Stanley Sadie (1930–2005): A Remembrance

In this guest post, James P. Cassaro reflects on the life and work of Stanley Sadie, who died ten years ago this month.

Stanley Sadie“When, in 1969, my colleagues and I began to lay our plans, we thought of the work we were preparing as the sixth edition of the dictionary first prepared by Sir George Grove...As time and work went on, however, it became clear that we were producing not a new edition but a new dictionary”—Stanley Sadie, “Preface to the 1980 Edition”, The New Grove Dictionary of Music and Musicians (London: Macmillan, 2001), xi.

For any music library professional and music scholar, the name Stanley Sadie is synonymous with the most comprehensive English-language dictionary of music, The New Grove. Following in a long line of lexicographers beginning in the eighteenth century, Stanley took on the herculean task of organizing the corpus of musical knowledge by reinventing the hallowed 1954 edition of the dictionary, which was edited by Eric Blom (1888–1959). In many ways, Sadie took up the mantle from Sir George Grove, who with every subsequent edition under his supervision, some entries disappeared, while new entries were created. This decision reflected changing tastes, new scholarship, and the ever-shifting canon of music.

What prepared Sadie to take on this task? Stanley was a scholar of extraordinary breadth and depth. He completed degrees (BA/BM, 1953; MA, 1957; Ph.D., 1958) at Gonville and Caius College, University of Cambridge, where he studied with Thurston Dart. His doctoral dissertation, British Chamber Music, 1720–1790, was a discussion of musical life in England during the period, as well as an anthology of scores, and a thematic catalogue and finding list of chamber music published in England, 1720-1790. He was on the faculty of the Trinity College of Music in London from 1957 to 1965.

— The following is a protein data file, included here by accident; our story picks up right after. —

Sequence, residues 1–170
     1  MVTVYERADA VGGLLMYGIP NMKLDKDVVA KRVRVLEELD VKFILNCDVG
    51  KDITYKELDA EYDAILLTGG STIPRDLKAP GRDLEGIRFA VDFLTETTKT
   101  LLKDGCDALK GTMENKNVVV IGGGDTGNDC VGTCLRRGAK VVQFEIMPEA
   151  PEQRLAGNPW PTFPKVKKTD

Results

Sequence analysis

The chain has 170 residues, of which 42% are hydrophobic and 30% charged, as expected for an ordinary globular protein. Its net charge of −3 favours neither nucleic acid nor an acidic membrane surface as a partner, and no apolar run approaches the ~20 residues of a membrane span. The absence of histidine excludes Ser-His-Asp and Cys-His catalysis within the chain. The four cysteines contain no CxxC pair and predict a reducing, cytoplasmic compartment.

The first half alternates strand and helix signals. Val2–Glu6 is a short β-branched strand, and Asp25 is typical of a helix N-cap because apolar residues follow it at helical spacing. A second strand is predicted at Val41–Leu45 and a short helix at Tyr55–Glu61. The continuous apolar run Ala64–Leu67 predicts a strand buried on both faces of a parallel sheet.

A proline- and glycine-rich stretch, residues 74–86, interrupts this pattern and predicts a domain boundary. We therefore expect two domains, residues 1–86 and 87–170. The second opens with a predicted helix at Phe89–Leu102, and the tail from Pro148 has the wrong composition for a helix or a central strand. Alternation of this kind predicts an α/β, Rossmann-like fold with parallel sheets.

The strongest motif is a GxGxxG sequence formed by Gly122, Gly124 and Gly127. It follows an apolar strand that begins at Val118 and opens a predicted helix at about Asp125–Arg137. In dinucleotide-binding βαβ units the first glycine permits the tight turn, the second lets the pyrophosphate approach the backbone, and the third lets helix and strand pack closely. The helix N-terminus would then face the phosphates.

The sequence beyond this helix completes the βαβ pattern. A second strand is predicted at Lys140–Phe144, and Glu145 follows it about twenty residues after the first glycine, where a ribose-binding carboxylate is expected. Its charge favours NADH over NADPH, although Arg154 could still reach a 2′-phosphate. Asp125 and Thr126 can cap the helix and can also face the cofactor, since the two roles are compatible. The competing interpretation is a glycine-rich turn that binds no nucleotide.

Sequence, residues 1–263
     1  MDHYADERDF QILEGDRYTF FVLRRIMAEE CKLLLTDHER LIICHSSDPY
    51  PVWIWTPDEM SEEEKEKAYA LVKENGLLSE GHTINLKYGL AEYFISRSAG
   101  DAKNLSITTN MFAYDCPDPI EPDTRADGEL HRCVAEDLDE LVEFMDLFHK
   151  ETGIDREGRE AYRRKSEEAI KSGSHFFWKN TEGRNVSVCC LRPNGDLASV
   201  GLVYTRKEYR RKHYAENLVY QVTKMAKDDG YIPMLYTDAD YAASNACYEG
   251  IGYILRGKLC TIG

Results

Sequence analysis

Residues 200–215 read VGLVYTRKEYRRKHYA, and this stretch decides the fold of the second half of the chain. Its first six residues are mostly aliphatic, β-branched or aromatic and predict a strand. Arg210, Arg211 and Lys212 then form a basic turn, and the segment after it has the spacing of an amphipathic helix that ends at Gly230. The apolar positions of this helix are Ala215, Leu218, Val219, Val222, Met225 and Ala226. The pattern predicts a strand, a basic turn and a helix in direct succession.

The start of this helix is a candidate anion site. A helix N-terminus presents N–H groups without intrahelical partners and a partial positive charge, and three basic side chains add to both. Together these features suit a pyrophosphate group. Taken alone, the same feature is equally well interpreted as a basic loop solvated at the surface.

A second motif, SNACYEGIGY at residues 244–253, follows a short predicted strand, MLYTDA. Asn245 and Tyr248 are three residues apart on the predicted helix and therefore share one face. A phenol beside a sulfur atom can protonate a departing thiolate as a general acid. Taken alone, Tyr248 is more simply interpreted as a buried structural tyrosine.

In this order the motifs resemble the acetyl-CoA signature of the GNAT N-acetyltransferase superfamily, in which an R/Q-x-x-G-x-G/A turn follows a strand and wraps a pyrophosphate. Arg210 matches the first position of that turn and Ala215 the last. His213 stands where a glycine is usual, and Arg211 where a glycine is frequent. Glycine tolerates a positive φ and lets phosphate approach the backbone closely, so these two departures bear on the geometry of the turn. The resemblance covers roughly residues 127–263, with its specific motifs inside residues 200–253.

Following that appointment, Sadie turned to journalism as a career, becoming music critic for The Times (1964–1981), and after 1981, contributing reviews to the Financial Times.  He was editor of The Musical Times 1967–1987.

From 1969 to 2001, Sadie was editor of what was to be published as the New Grove Dictionary of Music and Musicians (1980), and was also instrumental in the creation of the second edition which appeared in 2001. During this time, the dictionary grew, not only in the number of volumes it occupied, but in scope as well. Entries on world music, popular music, and other burgeoning areas of music research were now included. The New Grove was not his only contribution to lexicography; he edited the Grove Concise Dictionary of Music (1988), as well as  several spinoff dictionaries, for example, the New Grove Dictionary of Musical Instruments (1984), the New Grove Dictionary of American Music, first edition (with H. Wiley Hitchcock, 1986), and the New Grove Dictionary of Opera (1992). In addition to his work on the Grove dictionaries, Sadie was a renowned Mozart scholar, publishing several important books. He served as president of the Royal Musical Association (1989–1994), and of the International Musicological Society (1992–1997).

Having worked with Stanley on the revision of existing entries in the New Grove as well as providing new entries for the New Grove Dictionary of Opera, I can attest to his passion and dedication to the art of lexicography and also his gratitude for what authors provided to the dictionary often for little or no recompense. His legacy will live on for generations, and his mighty achievements in providing access to musical knowledge will stand as a testament to his memory.

--James P. Cassaro


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